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Dick Fuld, Disgraced Former CEO Of Lehman Brothers, Makes Bizarre Comeback

RICHARD FULDDick Fuld, part villain and part unforgivably very confused bystander to the financial crisis in the eyes of most — and a victim of the financial crisis to himself — made a bizarre comeback at a conference in New York on Thursday.

In his first public appearance (other than sworn congressional testimony) since the collapse of Lehman Brothers, Fuld blamed regulators, borrowers and rumors for the end of the 158-year-old, $47 billion firm he led. It was a “perfect storm” that sank Lehman, not his own leadership or decisions, Fuld said, while touting Lehman’s “success” to the audience. He also claimed that every one of the 27,000 employees who once worked for Lehman had been a risk manager, because they owned stock in the firm.

Lehman’s September 2008 collapse was the first of many bank failures and market seizures that fall. It sparked the financial crisis that ended in a $416 billion bank bailout and left the country mired in the Great Recession.

Fuld’s comments were initially carried live on the financial news network CNBC, but the feed was pulled by conference organizers part way through his remarks. Technically, Fuld was at the conference to deliver a keynote address titled, “How Emerging Growth Companies Can Succeed in Today’s Capital Markets: Perspectives from My Journey.” His comments, however, were a well-rehearsed if less-than-convincing defense of his own actions leading up to the largest bankruptcy in U.S. history.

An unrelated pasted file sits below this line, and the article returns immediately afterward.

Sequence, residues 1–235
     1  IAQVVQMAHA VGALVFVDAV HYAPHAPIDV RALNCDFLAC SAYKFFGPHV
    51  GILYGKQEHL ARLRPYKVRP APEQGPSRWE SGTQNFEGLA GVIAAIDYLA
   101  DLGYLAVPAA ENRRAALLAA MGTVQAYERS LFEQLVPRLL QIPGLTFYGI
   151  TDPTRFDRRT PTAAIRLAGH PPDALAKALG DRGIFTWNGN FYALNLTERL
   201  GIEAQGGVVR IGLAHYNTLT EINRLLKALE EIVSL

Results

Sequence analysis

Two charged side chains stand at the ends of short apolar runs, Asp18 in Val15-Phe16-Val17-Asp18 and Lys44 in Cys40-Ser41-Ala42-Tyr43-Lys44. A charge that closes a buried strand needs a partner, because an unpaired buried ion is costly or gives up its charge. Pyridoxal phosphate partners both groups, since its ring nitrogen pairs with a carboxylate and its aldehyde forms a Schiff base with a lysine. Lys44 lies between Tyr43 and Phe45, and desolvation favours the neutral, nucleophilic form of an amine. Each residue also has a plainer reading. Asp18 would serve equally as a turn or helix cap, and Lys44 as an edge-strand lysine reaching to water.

He denied that Lehman was a failed company in September 2008 and intimated that he and the firm were victims of a conspiracy centered around former competitors in regulatory positions with a vendetta against him. Fuld, nicknamed the “Gorilla” during his career for his overly aggressive style, seemed temperamentally unchanged, telling one conference questioner, “Why don’t you bite me?”

Months prior to Lehman’s fall, Fuld had declared that “the worst of the impact of the financial markets is behind us” and pushed subordinates to take more risk, sidelining or firing those who disagreed with him.

Fuld is now working at his own firm, which is focused on the kind of small deals he would have scoffed at as CEO of a massive investment bank. The venue itself was an indication of his fall: an otherwise barely noteworthy conference focused on selling shares in tiny public companies.

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Republished by the Law Office of Scott A. Ferris, P.A.



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